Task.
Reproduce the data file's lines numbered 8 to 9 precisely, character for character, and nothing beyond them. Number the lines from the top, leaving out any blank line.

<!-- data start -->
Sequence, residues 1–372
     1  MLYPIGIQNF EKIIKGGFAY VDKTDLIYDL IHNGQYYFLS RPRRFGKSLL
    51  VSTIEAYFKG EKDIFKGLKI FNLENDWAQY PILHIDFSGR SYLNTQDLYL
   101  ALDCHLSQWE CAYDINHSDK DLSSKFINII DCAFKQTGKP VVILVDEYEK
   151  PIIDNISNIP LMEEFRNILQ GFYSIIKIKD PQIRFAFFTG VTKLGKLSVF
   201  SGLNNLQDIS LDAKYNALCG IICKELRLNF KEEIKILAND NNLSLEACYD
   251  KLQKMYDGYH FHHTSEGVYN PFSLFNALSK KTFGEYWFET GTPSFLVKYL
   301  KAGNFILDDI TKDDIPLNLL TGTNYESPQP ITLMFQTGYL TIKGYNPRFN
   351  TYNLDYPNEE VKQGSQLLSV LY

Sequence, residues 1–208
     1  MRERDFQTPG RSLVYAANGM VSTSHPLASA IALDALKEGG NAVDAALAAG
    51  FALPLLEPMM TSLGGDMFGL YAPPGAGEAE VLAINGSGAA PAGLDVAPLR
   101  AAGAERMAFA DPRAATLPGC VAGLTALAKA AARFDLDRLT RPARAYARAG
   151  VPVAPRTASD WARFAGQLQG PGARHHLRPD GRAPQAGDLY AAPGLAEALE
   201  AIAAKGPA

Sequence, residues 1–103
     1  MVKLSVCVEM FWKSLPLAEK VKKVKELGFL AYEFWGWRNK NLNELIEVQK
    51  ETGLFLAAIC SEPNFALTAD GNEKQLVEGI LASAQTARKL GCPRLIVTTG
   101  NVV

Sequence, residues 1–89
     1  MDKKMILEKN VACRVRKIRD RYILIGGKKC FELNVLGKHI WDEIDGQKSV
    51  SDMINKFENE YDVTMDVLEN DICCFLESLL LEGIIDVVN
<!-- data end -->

   301  KAGNFILDDI TKDDIPLNLL TGTNYESPQP ITLMFQTGYL TIKGYNPRFN
   351  TYNLDYPNEE VKQGSQLLSV LY